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    Turkey: Crackdown on Human Rights

    © AFP/Getty Images

    Following the failed coup on July 15th, 2016 the Turkish government embarked on a crackdown of exceptional proportions, targeting people accused of being linked to Fethullah Gülen - a Turkish cleric in exile in the US, who the government accused of being the coup's mastermind. 

    More than 10,000 people were detained immediately following the attempted coup and Amnesty International has evidence that many of those people were subjected to beatings and torture, including rape, in official and unofficial detention centres in the country. 

    Despite chilling images and videos of torture that have been widely broadcast, the government has remained silent on the abuse.

    Evidence of torture and rape

    Amnesty International representatives spoke to lawyers, doctors and a person on duty in a detention facility about the conditions of detention. There were also multiple reports of detainees being held in unofficial locations such as sports centres and even a stable. Some detainees, including at least three judges, were held in the corridors of courthouses. According to these accounts, police held detainees in stress positions, denied them food, water and medical treatment, verbally abused and threatened them and subjected them to beatings and torture, including rape and sexual assault.

    State of emergency

    President Erdogan announced a three-month state of emergency, (which was renewed for an additional 3 moths) and the Turkish government suspended the European Convention on Human Rights (ECHR). The President has refused to rule out the use of the death penalty.

    On July 23rd, the Turkish government issued its first decree under new powers authorised by its declaration of a state of emergency. The decree dramatically increased the amount of time detainees can be held without being charged from four to 30 days. This change risks exposing detainees to further torture and other ill-treatment.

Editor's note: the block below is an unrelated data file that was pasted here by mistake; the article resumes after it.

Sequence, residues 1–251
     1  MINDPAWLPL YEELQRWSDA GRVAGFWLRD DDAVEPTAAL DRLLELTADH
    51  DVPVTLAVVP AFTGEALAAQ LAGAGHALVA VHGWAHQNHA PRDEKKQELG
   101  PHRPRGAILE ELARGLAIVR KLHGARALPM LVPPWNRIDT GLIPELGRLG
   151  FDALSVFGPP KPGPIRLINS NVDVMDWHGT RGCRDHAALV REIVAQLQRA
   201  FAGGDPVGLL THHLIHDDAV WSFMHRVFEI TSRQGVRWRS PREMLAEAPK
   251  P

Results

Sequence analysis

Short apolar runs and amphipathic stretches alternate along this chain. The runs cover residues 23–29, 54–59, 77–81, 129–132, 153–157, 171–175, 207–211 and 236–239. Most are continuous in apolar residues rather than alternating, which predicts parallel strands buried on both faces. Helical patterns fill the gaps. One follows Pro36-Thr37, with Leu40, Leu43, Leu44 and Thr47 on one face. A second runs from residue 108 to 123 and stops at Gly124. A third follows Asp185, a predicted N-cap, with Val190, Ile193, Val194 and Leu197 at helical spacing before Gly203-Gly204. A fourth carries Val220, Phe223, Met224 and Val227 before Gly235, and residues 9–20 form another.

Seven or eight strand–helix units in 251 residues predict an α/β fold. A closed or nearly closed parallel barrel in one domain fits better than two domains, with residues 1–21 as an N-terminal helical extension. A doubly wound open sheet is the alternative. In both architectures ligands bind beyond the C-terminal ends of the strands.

The decree also allows for officials to observe or even record meetings between pre-trial detainees and lawyers. Detainees are restricted in who they can choose to represent them, further undermining the right to a fair trial.

    Crackdown on Freedom of Expression and Rule of Law

    During the first two and a half months of the state of emergency, authorities closed around 150 media outlets and publishing companies, leaving over 2,300 journalists and media workers without jobs.  Emergency provisions were also been used to harass family members of journalists who have fled abroad or gone into hiding, including by cancelling their passports or detaining them in the stead of those accused. At least 2,745 judges and prosecutors were suspended according to Habertürk, a mainstream pro-government Turkish television news channel.

    Over 15,000 people were suspened from the Ministry of Education and are under investigation for links to Fethullah Gülen. 1,577 university deans were also asked to resign by the Council of Higher Education (YÖK). The Ministry of Education has also suspended the right of academics to conduct research abroad and called back academics who were working abroad.

    In November 2016, 375 registered associations and NGOs were permanently closed according to an executive decree. The suspensions and closures were disproportionate and cannot be justified even under a state of emergency.   The decree includes the full list of NGOs permanently closed, including dozens of national and local human rights organizations, women’s rights organizations, local cultural associations, associations providing support to people living in poverty, students and business associations and even sports clubs. The suspensions and closures occurred without individualized reasoning or the possibility of appeal or judicial remedy , and are in violation of the rights to freedom of expression and association, guaranteed under the International Covenant on Civil and Political Rights, to which Turkey is a party.

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    Turkey Could Be Taking A Big Step Backwards In Human Rights